Sadak in Search of the Waters of Oblivion

Sadak in Search of the Waters of Oblivion
Version in the Southampton City Art Gallery

Sadak in Search of the Waters of Oblivion is an 1812 oil painting by John Martin. It has been called "the most famous of the British romantic works"; it was the first of Martin's characteristically dramatic, grand, grandiose large pictures, and anchored the development of the style for which Martin would become famous.

The painting shows a human figure climbing in a mountain landscape. The man struggles to surmount a rocky outcrop beside a pool and waterfall; more jagged cliffs and peaks loom in the background, vastly receding. Martin later stated that he finished the work in a month. And he wrote, "You may easily guess my anxiety when I overheard the men who were to place it in the frame disputing as to which was the top of the picture! Hope almost forsook me, for much depended on this work." (At the time, Martin had left his £2-per-week job as a glass painter in a china factory, and was attempting to establish himself as an independent artist.)

The artist's anxiety was unnecessary; displayed in the Royal Academy exhibition at Somerset House, the picture was a popular success. It was purchased for fifty guineas by William Manning, a member of the board of governors of the Bank of England. Reportedly, Manning's "dying son had been moved by its depiction of the slight solitary figure clinging perilously to a ledge."

For many years the painting was known only in a reduced version in the Southampton City Art Gallery. The full-size original was discovered in Sweden and acquired by the Saint Louis Art Museum in 1983.


"What makes the work so remarkable is its persuasive combination of science and fantasy: while the scale seems beyond terrestrial experience, the attention given to geological and meteorological phenomena is that of the knowledgeable observer." Critics who accept the conventions of Romanticism in art have appreciated Martin's Sadak; those who do not have regarded the picture as lurid or puzzling.

Martin's Romantic style can be seen as influenced by prevailing Promethean zeitgeist. This is the story of Prometheus, the Greek God who betrayed Zeus and stole the secret gift of fire. Eventually this became a popular metaphor to depict in romantic works of art, because romantics were known for employing the role of nature vs. man in their works. They believed that humans were obsolete to the natural world around them. Due to this interpretation, Sadak is drawn to a much smaller scale than the landscape that surrounds him, revealing that he stands no chance against the power of nature. Also, romanticism arose during the industrial revolution, a time when engineers and scientists were exploring nature's secret gifts, analogous to the act of Prometheus stealing the secret gift of fire. Romantics portray the unknown of nature with its unpredictability, intractability, and barbaric capabilities as an opposite of the Enlightenment thought. This can be seen in the background of Sadak in Search of the Waters of Oblivion with an erupting volcano taking place in an other worldly dimension. The idea behind the piece was not to render a precise location and to be accurate in its depiction, but to express the emotion that was being experienced by the subject.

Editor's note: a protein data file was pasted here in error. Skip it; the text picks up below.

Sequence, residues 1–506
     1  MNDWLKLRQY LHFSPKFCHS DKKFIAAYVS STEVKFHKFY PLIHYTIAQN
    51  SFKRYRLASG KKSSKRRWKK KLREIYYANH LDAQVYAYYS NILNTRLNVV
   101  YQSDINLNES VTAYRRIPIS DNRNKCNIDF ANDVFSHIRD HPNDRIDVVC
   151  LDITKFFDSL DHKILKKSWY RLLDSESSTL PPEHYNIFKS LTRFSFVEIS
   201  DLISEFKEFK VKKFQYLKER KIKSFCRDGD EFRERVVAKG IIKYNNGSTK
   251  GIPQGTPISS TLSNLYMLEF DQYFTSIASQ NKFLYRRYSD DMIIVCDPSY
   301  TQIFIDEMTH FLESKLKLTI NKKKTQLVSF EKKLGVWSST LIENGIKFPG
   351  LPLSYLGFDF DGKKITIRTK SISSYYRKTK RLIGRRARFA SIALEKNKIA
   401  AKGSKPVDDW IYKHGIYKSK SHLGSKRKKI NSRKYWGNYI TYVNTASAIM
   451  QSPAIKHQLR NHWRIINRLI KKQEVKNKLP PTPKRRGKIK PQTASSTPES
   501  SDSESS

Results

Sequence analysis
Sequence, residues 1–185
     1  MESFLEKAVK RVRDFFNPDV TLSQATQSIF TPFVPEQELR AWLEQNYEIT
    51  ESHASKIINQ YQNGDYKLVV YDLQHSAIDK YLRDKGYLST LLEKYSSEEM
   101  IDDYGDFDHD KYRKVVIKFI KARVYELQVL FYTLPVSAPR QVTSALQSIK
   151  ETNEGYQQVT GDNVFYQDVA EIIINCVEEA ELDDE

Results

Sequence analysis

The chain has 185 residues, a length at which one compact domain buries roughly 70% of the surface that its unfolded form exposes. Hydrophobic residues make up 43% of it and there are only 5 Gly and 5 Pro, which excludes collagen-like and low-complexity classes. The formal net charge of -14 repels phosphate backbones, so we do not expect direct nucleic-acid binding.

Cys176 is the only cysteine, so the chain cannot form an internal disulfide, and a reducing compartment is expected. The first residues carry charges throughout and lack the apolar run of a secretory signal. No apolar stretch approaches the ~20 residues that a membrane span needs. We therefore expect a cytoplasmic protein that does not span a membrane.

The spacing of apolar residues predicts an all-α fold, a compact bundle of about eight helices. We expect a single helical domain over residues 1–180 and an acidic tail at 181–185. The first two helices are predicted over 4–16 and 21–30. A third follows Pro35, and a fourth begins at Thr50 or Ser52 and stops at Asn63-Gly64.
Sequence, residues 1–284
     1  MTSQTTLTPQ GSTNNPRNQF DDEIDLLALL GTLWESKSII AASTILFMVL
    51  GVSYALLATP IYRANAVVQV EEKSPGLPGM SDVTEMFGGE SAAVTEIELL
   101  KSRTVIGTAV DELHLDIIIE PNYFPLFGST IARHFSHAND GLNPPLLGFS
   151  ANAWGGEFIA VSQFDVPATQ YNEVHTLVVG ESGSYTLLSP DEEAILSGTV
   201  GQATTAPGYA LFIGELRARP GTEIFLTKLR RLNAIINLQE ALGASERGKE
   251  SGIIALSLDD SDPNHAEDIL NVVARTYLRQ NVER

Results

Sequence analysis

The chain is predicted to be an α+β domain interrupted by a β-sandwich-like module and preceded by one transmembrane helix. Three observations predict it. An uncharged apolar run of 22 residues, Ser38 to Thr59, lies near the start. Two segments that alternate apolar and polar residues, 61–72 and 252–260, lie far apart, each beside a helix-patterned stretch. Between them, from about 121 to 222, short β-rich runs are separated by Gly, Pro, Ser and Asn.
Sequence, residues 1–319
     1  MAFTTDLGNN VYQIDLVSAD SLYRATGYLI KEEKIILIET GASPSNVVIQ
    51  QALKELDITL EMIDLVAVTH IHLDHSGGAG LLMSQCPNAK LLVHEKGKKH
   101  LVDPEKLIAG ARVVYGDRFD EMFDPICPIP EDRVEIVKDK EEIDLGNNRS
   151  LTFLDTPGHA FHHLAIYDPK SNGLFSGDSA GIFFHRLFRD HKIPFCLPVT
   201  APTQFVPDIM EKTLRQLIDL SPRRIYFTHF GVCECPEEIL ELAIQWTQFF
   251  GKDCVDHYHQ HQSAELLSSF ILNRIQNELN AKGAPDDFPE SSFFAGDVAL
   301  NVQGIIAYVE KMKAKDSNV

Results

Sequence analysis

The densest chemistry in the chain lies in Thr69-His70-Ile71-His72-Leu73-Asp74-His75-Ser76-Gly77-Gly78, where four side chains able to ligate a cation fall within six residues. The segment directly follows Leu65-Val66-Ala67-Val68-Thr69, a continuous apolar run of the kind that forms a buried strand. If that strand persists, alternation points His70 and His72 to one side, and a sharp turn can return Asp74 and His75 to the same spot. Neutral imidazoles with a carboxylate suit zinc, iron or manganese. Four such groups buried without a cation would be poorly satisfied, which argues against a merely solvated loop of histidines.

Another key factor of Martin's style can also be seen as "end of the world" or "apocalyptic". Although, he depicts a grim scene Martin shows a mere chance of hope in the distance. A glimmering stream of light beams in the corner, giving the viewer a sense of aspiration.

Sadak is a fictional character in a story in James Ridley's The Tales of the Genii (two volumes, 1764); it is a faux-Oriental tale allegedly from a Persian manuscript, but actually the work of Ridley himself. In Ridley's story, the hero Sadak is sent by his Sultan, Amurath, to find the memory-destroying "waters of oblivion." The Sultan maliciously intends to use the waters on Sadak's wife Kalasrade in a seduction attempt. Sadak endures a range of trials — a tempest at sea, a plague, evil genii, a subterranean whirlpool — before he attains his goal. In the end, the Sultan himself falls victim to the water's effect. Amurath dies; Sadak becomes Sultan. Martin's picture portrays Sadak at the climax of his struggle, just before he reaches the waters of oblivion.

(Ridley's tale was popular in its era, and was adapted into a play by Thomas John Dibdin, titled Sadak and Kalasrade, which was staged in 1797. Henry Bishop mounted an operatic version in 1814.)

The picture was reproduced as a steel-plate etching in 1828. The print bore a poem on the same subject, "Sadak the Wanderer," which was attributed by some to Percy Bysshe Shelley. Modern editors of Shelley are skeptical.

With this and his subsequent paintings, Martin gained a reputation for replicating the effects of stained glass on canvas. He employed a strong "chemical red" hue to express volcanic landscapes.

Martin followed Sadak with Adam's First Sight of Eve (1813) and Clytie (1814), both shown at the Royal Academy.

This page was last updated at 2023-03-13 00:11 UTC. Update now. View original page.

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